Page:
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Sigur Rós - Takk... CD (album) cover


Sigur Rós


Post Rock/Math rock

3.85 | 302 ratings

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Prog Folk Researcher
4 stars Most of the time when I listen to a new album I like to spend time finding out as much as I can about the band, the stories behind the album and that period of their careers, and to read all of the lyrics carefully to discover as much as possible about the music so I can put it into context. I really know nothing about Sigur Rós though. I only bought this album because I recognized the band's name from reading about them from time to time on Progarchives. Turns out this was a good investment of my limited discretionary income.

The lyrics, what few there are, are mostly unintelligible, either because they are sung in what I assume to be Icelandic, or just because the words are secondary to the music itself. For these guys, this is not a bad thing, as their sound is certainly appealing and actually kind of cheerful. The cover and liner artwork and lettering are exquisite, what I think may be a woodblock and ink painting. There aren't many modern albums around today with such a timeless and mature look to them.

"Takk." is an airy little intro to the rest of the album, and it transitions after just a couple of minutes into "Glósóli", a well-developed, largely instrumental song that reminds me at various points of Godspeed You Black Emperor!, particularly the second half of F#a# Infinity. The song starts slowly and is quite mellow, but builds to a crescendo in the middle that is very much a Godspeed trademark. Also a bit like Set Fire to Flames, but less depressing.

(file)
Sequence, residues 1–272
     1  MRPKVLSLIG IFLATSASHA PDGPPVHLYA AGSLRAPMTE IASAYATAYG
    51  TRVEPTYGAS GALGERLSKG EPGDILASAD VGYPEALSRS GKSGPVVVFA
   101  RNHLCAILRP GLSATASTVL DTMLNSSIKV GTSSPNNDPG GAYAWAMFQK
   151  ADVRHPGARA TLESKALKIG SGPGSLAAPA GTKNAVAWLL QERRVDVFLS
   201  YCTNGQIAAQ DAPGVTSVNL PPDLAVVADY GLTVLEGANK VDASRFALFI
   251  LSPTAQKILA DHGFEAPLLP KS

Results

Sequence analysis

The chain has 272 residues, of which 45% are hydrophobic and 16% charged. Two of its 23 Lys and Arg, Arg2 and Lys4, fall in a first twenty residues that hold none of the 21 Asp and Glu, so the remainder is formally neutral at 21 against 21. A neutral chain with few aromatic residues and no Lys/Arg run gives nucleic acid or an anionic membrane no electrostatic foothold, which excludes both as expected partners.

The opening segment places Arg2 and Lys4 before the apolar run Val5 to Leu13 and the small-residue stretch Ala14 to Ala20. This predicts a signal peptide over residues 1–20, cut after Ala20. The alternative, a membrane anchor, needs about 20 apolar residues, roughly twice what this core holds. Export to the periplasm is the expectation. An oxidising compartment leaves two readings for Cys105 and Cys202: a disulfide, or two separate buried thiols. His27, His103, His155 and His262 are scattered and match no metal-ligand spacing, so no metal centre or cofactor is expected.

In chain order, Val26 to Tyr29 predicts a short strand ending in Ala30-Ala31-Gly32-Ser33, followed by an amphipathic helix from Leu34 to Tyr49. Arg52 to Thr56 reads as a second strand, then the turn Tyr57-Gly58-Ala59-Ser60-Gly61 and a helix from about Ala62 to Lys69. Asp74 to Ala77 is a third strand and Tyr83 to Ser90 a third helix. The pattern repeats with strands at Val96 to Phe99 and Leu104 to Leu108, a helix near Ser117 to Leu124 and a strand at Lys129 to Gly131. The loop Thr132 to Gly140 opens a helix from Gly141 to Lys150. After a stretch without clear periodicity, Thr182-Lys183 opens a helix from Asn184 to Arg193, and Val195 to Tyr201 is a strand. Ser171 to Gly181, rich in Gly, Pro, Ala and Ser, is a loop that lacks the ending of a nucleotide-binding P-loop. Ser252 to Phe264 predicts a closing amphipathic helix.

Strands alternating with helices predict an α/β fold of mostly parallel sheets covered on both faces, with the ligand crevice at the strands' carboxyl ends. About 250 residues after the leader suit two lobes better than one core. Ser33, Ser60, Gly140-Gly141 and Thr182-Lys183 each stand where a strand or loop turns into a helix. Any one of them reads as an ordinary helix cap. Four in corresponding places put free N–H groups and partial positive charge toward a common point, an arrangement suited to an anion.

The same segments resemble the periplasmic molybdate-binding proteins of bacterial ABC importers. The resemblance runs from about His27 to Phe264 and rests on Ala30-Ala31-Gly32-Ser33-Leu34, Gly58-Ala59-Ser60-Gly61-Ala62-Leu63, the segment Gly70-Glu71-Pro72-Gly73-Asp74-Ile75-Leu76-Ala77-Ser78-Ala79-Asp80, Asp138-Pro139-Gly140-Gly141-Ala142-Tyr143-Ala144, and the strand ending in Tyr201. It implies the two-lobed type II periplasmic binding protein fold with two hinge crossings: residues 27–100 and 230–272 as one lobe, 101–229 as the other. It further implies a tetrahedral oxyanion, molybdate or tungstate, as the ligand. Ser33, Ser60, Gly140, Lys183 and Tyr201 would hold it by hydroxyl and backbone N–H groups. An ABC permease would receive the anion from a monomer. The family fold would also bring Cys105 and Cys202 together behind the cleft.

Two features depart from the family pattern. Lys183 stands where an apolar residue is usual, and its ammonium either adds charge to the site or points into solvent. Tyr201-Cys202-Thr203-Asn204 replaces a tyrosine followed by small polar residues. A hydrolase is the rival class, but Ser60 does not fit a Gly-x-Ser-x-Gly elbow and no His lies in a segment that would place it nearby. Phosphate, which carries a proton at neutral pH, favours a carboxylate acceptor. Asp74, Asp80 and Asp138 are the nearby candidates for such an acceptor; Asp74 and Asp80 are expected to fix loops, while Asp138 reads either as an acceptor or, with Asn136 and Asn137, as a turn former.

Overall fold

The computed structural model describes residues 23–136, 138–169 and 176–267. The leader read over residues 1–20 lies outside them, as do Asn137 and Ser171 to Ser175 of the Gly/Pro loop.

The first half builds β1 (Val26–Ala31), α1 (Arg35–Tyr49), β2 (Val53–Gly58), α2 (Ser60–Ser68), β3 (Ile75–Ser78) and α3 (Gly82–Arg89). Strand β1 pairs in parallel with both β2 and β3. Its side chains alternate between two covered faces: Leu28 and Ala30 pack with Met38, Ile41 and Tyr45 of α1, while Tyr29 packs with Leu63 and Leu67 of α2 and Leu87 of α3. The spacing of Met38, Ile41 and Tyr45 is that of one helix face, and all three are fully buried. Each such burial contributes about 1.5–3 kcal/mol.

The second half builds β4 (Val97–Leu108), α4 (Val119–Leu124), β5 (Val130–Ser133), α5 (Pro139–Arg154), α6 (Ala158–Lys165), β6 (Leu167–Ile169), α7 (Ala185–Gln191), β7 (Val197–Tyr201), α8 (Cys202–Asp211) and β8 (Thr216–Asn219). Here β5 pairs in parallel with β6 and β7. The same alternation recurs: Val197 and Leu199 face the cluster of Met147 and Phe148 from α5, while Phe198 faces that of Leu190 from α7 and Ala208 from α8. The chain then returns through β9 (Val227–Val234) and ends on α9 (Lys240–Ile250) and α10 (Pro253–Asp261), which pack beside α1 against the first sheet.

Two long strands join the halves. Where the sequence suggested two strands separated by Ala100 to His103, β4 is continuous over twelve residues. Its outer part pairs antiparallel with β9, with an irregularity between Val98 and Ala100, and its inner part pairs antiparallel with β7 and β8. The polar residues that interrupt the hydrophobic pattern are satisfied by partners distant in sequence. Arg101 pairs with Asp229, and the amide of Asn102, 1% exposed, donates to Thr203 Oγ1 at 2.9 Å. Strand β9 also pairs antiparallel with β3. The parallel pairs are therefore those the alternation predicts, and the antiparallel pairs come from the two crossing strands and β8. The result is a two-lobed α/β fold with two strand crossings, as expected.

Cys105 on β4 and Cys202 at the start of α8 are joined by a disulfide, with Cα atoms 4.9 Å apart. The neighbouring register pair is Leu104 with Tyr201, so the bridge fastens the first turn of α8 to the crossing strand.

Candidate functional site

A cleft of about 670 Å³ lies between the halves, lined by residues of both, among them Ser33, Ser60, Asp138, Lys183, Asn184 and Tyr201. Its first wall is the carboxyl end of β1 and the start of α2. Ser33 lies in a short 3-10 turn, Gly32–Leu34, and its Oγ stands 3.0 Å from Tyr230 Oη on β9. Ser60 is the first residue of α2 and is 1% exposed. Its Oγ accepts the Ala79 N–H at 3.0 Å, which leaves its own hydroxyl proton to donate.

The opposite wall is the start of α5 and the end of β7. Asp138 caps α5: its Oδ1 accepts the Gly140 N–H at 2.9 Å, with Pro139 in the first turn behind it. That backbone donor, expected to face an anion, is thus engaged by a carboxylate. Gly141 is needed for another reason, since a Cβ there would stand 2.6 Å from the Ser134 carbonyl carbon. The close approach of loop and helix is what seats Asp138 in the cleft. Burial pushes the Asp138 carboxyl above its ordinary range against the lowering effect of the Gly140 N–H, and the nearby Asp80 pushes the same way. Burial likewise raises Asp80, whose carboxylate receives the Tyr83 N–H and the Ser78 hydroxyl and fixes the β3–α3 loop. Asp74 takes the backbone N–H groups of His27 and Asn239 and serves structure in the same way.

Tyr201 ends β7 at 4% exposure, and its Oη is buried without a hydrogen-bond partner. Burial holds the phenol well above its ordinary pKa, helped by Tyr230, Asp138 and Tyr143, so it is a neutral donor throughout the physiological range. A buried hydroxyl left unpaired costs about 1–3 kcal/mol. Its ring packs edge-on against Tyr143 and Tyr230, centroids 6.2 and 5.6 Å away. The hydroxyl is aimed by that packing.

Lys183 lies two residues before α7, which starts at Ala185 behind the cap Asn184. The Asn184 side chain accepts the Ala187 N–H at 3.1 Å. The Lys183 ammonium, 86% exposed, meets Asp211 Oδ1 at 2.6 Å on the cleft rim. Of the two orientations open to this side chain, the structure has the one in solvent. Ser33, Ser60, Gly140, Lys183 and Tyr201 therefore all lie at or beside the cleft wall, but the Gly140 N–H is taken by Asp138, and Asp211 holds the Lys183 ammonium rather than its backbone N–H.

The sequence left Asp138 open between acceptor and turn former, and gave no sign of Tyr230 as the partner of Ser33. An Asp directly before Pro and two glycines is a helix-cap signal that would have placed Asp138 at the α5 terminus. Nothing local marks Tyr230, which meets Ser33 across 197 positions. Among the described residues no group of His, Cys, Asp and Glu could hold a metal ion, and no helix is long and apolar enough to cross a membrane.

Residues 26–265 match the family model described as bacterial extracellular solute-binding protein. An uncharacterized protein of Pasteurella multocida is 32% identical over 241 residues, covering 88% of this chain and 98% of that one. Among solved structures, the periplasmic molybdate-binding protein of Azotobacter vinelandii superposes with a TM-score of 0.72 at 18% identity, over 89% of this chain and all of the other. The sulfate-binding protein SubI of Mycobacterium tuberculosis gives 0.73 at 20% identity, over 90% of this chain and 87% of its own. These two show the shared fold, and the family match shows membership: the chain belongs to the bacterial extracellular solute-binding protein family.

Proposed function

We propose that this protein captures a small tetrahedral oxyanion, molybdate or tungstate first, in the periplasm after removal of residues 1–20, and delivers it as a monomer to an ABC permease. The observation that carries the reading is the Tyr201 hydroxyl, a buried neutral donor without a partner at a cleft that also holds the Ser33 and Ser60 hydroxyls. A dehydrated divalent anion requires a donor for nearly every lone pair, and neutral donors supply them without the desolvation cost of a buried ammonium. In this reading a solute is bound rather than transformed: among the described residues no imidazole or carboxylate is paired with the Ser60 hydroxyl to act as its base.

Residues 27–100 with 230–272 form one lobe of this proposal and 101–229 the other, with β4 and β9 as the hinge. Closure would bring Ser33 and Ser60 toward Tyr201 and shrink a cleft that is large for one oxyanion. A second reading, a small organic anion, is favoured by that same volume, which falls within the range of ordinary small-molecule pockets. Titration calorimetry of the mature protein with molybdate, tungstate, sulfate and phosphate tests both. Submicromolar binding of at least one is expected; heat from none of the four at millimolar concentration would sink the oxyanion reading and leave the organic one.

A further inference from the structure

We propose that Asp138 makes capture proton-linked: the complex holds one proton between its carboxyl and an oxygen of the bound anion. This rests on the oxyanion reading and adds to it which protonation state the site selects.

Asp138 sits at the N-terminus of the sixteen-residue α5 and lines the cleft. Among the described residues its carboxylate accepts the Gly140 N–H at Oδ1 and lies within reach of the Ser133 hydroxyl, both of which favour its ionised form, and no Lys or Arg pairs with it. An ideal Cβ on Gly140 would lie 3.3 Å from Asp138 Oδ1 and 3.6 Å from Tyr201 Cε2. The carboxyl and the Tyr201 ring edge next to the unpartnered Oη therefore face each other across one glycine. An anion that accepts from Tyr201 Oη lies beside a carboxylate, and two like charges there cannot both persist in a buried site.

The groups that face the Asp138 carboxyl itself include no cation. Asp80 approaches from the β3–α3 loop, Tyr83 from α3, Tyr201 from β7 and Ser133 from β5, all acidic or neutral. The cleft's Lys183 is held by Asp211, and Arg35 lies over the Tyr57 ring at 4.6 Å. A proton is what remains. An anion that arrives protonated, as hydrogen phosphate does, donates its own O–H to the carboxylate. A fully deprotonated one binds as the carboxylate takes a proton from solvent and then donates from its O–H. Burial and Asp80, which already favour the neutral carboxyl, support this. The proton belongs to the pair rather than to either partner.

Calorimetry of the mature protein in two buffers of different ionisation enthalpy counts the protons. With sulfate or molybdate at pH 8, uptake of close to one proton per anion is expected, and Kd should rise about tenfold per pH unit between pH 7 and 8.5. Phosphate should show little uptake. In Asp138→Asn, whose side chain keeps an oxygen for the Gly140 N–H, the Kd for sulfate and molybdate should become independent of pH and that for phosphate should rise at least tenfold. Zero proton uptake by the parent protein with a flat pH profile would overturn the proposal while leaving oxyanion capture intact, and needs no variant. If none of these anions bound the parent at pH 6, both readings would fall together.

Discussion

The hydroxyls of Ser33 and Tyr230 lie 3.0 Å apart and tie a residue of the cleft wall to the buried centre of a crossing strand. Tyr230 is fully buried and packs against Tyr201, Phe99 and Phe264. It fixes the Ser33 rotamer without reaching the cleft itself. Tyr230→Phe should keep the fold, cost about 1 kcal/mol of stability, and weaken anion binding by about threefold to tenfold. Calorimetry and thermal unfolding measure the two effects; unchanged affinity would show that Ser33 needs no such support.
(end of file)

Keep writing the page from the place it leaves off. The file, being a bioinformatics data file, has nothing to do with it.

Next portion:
"Hoppípolla" is mostly a piano/strings piece, again with the ethereal and unintelligible vocals that neither add nor detract from it. Apparently the song is about celebrating life by prancing around in the rain, falling down and getting a bloody nose, and then getting back up and does it again. Odd theme, but the music is upbeat.

"Með Blóðnasir" is a short work that features some warm, fat guitar chords, chant/humming, and the ubiquitous bell sounds that permeate the entire album. It transitions into "Sé Lest", a lengthy, bells-and-strings spacey instrumental that again is somewhat reminiscent of bands like Godspeed You Black Emperor!, but in this case quite a bit softer than most of their works.

"Sæglópur" is the Sigur Rós version of "A Perfect Storm" or "The Wreck of the Edmund Fitzgerald", only with a happier ending. The song starts out with very slow and precise piano, some light bells (synthetic, I expect), and the repetitive verse that is either Icelandic, or just made up. This represents a calm sea upon which a boat is sailing, I think. The song builds into a more driving gale wind of guitars and drums, probably intended to represent an ocean storm upon which the boat is tossed and apparently crashes and sinks, upon which the plodding piano returns, along with the nonsensical lyrics. The man in the boat is lost at sea.. but is somehow rescued and returns home - "Alive, has returned home. A lost seafarer, alive". Finally, the song fades to black.